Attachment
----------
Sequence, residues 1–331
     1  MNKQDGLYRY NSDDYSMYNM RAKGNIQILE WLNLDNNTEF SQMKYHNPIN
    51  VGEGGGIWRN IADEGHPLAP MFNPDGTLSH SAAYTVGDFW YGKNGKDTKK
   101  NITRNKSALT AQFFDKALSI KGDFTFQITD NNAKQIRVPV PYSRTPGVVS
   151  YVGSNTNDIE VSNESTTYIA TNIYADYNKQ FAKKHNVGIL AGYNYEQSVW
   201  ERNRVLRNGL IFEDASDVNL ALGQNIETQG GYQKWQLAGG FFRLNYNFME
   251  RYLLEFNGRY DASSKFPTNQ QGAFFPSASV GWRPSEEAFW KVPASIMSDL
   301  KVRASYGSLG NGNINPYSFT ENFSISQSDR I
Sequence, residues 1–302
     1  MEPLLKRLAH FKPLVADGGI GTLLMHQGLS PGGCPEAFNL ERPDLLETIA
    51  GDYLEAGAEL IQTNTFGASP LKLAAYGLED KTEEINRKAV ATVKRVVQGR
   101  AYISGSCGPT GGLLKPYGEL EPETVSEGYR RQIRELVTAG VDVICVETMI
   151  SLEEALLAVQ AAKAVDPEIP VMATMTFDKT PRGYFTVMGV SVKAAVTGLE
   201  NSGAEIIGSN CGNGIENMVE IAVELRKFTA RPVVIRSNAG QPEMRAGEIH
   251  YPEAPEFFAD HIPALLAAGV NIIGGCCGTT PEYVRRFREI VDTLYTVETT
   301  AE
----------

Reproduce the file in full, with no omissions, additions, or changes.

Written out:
Sequence, residues 1–331
     1  MNKQDGLYRY NSDDYSMYNM RAKGNIQILE WLNLDNNTEF SQMKYHNPIN
    51  VGEGGGIWRN IADEGHPLAP MFNPDGTLSH SAAYTVGDFW YGKNGKDTKK
   101  NITRNKSALT AQFFDKALSI KGDFTFQITD NNAKQIRVPV PYSRTPGVVS
   151  YVGSNTNDIE VSNESTTYIA TNIYADYNKQ FAKKHNVGIL AGYNYEQSVW
   201  ERNRVLRNGL IFEDASDVNL ALGQNIETQG GYQKWQLAGG FFRLNYNFME
   251  RYLLEFNGRY DASSKFPTNQ QGAFFPSASV GWRPSEEAFW KVPASIMSDL
   301  KVRASYGSLG NGNINPYSFT ENFSISQSDR I
Sequence, residues 1–302
     1  MEPLLKRLAH FKPLVADGGI GTLLMHQGLS PGGCPEAFNL ERPDLLETIA
    51  GDYLEAGAEL IQTNTFGASP LKLAAYGLED KTEEINRKAV ATVKRVVQGR
   101  AYISGSCGPT GGLLKPYGEL EPETVSEGYR RQIRELVTAG VDVICVETMI
   151  SLEEALLAVQ AAKAVDPEIP VMATMTFDKT PRGYFTVMGV SVKAAVTGLE
   201  NSGAEIIGSN CGNGIENMVE IAVELRKFTA RPVVIRSNAG QPEMRAGEIH
   251  YPEAPEFFAD HIPALLAAGV NIIGGCCGTT PEYVRRFREI VDTLYTVETT
   301  AE